Karman has high expectations: He predicts 25,000 people will attend the expo. He has no idea how the patronage will break down in terms of Chicago area residents vs. out-of-towners, but he expects a healthy mix of both.

While he acknowledged that the $25 weekend parking costs and touristy atmosphere at Navy Pier could be a turn-off for some local residents, he noted that the lakeside attraction remains one of the city’s top draws.

Certainly, Chicago’s art scene has embraced the new fair. Thirteen of the city’s art galleries are taking part, and more than 40 organizations, including the Art Institute of Chicago and Museum of Contemporary Art, have signed on as partners, hosting lectures, tours, parties and other events.

“Everyone is enthusiastic,” said veteran Chicago dealer Rhona Hoffman, who served on the fair’s gallery selection committee.

Fairs like Expo Chicago play an increasingly important role, because the international contemporary art scene has significantly grown in size and scope, making it more difficult for collectors to visit key galleries spread around the world.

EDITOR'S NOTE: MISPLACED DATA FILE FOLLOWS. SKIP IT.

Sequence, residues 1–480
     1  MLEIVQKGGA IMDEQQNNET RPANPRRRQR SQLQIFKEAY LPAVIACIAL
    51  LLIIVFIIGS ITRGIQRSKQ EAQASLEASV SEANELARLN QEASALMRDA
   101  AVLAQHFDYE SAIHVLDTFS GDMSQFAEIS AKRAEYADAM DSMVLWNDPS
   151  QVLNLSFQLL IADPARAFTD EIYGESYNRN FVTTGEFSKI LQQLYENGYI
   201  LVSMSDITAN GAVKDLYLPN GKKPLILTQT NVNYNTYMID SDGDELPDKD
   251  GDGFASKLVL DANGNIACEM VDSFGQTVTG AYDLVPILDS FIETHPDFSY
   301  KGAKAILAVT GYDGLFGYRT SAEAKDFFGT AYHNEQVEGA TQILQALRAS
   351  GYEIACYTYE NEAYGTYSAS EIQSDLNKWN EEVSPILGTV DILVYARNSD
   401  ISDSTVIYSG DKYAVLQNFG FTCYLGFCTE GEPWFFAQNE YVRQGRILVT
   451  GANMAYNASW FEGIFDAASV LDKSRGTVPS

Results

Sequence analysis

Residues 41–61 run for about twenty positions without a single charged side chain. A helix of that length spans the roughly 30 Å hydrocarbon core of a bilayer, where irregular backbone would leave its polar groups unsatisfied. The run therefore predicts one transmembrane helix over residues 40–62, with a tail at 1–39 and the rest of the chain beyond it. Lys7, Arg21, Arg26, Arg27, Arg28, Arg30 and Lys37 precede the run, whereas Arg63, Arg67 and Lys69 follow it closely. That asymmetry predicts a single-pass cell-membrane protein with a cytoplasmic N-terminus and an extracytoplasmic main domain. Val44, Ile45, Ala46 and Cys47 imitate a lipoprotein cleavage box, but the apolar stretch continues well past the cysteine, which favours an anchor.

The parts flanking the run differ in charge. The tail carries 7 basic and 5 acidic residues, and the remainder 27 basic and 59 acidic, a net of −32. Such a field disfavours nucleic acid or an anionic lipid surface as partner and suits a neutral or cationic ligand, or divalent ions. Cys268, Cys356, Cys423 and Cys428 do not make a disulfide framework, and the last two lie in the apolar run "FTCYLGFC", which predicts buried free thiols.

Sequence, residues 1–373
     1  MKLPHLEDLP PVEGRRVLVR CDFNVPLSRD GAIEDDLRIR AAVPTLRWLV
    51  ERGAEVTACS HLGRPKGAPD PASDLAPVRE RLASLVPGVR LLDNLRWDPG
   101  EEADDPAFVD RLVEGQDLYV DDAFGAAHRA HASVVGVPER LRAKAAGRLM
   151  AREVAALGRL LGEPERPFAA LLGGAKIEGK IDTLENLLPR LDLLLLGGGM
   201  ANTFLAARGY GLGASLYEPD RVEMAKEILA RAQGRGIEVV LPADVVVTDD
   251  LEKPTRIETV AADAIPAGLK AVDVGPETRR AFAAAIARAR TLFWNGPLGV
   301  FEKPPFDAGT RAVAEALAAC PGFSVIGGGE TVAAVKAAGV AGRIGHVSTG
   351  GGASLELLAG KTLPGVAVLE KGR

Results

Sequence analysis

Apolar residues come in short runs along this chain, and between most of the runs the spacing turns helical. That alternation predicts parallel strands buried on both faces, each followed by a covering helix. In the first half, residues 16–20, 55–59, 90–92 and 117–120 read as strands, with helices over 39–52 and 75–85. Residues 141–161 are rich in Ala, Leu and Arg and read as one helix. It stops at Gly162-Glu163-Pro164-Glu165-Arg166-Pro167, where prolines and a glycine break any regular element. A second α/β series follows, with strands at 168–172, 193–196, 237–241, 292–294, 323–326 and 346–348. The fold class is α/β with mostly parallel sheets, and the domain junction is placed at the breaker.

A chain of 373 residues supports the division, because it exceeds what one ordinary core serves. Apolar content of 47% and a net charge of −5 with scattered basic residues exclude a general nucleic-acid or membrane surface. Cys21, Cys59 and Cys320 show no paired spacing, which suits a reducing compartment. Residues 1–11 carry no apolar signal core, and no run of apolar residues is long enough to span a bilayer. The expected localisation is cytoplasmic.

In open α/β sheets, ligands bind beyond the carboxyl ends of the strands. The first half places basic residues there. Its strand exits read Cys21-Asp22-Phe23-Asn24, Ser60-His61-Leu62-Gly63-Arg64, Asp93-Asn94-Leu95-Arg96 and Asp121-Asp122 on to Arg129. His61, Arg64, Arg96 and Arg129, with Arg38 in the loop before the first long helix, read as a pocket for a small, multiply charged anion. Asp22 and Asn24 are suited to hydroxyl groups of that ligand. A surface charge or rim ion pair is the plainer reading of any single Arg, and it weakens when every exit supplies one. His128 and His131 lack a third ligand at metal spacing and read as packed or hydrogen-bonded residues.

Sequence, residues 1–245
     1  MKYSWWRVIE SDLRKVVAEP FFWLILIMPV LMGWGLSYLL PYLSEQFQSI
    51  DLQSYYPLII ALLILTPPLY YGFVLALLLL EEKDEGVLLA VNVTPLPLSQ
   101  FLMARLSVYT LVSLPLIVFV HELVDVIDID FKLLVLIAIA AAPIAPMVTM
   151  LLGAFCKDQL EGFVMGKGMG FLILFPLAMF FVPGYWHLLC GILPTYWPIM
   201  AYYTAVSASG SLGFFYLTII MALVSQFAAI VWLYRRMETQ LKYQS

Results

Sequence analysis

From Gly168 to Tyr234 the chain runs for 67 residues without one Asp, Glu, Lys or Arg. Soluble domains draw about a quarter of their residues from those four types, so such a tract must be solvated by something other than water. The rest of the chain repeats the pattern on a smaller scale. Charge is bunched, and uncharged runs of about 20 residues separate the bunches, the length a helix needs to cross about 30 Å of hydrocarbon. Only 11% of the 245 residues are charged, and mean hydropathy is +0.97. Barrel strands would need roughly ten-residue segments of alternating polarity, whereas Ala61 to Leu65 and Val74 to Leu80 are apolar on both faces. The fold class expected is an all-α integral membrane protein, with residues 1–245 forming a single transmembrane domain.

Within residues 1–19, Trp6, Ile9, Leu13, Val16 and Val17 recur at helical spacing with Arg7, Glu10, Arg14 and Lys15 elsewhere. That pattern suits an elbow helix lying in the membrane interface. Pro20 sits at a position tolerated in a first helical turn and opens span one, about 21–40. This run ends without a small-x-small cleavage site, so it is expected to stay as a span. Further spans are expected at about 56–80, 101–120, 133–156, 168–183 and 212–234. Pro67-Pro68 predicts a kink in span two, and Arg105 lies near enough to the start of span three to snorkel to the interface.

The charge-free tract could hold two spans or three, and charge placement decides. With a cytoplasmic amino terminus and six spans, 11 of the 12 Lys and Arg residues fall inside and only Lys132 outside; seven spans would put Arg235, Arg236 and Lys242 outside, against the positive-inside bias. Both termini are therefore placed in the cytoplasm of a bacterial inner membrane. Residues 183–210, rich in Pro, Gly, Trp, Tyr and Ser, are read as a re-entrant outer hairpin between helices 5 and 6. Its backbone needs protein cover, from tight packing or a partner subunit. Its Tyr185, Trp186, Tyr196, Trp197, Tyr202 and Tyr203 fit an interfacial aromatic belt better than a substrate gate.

According to Art + Auction magazine, many major dealers do an average of 60 percent — and some as much as 90 percent — of their total business at art fairs.

But at the same time, fairs can be a big financial risk because of the high costs involved. A booth at a top exposition can cost more than $75,000, including rent and subsidiary fees for lighting and other expenses.

According to Art + Auction, the average price of a booth at Expo Chicago is $30,000. That was too expensive for Shark’s Ink, a nationally recognized publisher of fine arts prints in Lyons, Colo., that took part in Chicago art fairs for more than 20 years.

“We’re selling prints for $3,000, maybe $5,000, and we can’t sell enough prints to cover the cost of a booth in a fair like that,” said owner Bud Shark.